5. The projector doesn’t work, what can you do?
Of course I knew this could happen, but the first day? Then I thought “Well, if I fix it the first day I can do it any day!” Instead of using the powerpoint I had prepared, I used printed images and some questions I had written in Romanian.
6. Are they enjoying your lesson?
This was one of my biggest doubts. I do not know what their expectations are or what their preferences are. When they are silent I am afraid to think that they are bored, so I try to be active and motivate them to participate.
7. Is the teacher understanding you?
At times I am not sure if the teacher is understanding what I mean. At some point, both in school and kindergarten, I had to pause to explain again to the teacher, although these were small details not too important.
Yes! at some point I improvised. There are things that I invented at the time, such as when I was taking things out of the pilgrim’s backpack, I had planned to leave them on the table, but a girl guessed that inside the backpack was a hat and I put it on the head , then I did the same with the raincoat, etc. Also when the projector didn’t work I invented other questions that I didn’t intend to do.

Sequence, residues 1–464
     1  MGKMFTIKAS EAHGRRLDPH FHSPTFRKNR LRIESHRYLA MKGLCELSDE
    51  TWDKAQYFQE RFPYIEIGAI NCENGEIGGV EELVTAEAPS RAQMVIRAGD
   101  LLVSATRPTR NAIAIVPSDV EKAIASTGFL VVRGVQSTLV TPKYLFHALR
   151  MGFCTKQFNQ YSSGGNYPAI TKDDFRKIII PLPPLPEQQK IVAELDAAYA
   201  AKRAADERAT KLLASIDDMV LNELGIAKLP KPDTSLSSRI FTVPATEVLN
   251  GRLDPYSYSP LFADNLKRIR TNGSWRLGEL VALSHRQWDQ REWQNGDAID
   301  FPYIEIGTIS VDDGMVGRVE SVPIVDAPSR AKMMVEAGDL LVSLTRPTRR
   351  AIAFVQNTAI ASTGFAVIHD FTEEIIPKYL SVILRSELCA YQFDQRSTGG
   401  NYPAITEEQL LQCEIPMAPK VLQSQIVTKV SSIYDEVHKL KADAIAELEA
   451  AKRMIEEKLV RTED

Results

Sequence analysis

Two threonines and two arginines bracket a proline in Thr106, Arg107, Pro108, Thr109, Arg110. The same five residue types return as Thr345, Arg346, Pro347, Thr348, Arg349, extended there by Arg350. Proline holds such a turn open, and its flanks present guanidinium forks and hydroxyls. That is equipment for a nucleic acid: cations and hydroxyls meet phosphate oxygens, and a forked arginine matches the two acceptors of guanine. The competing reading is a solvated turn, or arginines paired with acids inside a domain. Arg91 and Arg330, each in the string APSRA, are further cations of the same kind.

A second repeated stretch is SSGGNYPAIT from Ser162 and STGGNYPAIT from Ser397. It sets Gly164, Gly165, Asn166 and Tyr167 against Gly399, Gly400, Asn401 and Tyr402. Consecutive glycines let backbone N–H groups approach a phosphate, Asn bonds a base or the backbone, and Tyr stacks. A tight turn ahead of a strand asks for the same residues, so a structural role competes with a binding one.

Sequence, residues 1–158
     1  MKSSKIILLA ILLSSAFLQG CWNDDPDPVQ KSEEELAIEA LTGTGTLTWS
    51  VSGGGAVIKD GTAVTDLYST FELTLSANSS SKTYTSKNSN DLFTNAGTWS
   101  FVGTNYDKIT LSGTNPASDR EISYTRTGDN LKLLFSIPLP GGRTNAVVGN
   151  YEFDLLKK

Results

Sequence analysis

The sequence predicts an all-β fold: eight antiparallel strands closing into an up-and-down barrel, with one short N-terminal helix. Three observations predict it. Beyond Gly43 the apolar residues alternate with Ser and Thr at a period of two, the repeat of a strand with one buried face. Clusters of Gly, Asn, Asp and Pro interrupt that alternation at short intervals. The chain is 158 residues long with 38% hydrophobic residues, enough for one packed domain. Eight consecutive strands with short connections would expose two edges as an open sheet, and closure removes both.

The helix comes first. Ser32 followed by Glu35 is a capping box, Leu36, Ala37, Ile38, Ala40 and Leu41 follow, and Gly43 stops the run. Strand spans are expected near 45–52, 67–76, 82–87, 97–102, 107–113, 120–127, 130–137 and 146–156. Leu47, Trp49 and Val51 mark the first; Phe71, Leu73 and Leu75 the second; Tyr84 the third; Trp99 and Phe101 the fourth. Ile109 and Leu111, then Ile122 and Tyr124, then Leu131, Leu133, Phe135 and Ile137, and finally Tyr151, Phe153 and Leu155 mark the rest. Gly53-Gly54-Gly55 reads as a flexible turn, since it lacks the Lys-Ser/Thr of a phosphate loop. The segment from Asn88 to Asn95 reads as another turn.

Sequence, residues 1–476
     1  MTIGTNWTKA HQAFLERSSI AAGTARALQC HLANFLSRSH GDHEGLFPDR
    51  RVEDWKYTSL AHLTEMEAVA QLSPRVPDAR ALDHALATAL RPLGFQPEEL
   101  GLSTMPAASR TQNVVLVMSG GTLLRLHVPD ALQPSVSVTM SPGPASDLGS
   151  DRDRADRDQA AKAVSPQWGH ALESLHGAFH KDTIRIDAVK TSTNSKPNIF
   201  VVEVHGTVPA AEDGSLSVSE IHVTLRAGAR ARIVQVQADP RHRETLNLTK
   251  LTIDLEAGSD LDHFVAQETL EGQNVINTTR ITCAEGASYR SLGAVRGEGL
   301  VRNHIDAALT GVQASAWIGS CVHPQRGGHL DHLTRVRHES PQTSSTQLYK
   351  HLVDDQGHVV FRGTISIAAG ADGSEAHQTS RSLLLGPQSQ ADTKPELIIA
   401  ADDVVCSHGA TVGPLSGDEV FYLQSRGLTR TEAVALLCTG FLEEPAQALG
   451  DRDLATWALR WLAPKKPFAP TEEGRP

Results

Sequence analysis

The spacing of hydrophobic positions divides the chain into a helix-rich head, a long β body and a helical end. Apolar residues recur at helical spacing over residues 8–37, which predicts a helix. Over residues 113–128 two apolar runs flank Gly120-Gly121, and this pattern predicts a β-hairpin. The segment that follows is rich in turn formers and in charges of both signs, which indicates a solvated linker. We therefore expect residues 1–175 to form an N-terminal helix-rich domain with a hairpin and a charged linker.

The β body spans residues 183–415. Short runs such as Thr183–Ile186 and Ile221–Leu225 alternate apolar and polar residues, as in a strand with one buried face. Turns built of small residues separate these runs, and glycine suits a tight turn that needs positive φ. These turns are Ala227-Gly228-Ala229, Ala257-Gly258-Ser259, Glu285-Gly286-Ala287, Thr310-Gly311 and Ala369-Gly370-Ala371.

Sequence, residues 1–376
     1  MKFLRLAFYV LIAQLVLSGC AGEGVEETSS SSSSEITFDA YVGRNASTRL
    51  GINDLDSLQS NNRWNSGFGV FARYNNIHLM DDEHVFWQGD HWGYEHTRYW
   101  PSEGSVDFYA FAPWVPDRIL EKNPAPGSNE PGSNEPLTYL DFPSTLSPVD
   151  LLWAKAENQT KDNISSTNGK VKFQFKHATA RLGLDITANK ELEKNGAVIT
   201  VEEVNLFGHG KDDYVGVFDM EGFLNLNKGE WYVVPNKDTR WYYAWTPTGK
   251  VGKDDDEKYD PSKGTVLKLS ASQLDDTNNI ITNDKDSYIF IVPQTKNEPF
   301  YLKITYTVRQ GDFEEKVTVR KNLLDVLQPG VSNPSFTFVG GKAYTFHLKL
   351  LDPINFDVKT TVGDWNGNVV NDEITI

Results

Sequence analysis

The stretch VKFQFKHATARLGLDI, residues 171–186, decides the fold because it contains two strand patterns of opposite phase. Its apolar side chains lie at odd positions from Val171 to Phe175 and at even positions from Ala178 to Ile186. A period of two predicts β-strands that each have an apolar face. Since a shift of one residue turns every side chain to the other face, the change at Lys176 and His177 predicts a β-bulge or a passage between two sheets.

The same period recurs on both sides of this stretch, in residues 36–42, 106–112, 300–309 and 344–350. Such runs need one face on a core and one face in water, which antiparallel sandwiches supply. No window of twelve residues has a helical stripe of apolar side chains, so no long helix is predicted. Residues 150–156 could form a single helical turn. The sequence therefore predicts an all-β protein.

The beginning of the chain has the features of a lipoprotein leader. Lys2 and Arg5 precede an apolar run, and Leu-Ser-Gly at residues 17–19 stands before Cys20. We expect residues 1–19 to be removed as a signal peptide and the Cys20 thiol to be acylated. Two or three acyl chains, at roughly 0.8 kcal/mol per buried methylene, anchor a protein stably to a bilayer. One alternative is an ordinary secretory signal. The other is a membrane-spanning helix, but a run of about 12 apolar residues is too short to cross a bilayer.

9. The end is near, how do you say goodbye?
When I have 5 minutes to finish the lesson and I start to save the material I think “Okay, now I have to say goodbye” but I don’t like to just say “Goodbye”. In the school, I give an origami figure to each one, they have to put their hand in a bag and take out a figure. It is like a goodbye surprise gift. I would like to do it in all sessions but I do not think it is possible, I have to do 70 figures because I have two lessons and it takes me a lot of time. I thought it was a good idea because so I also practice origami but I do not always have enough time. Anyway, in the sessions I always say goodbye saying thanks and hoping that everyone has enjoyed. At school the kids get up and give me a hug, it is great!
10. Have you achieved your goals?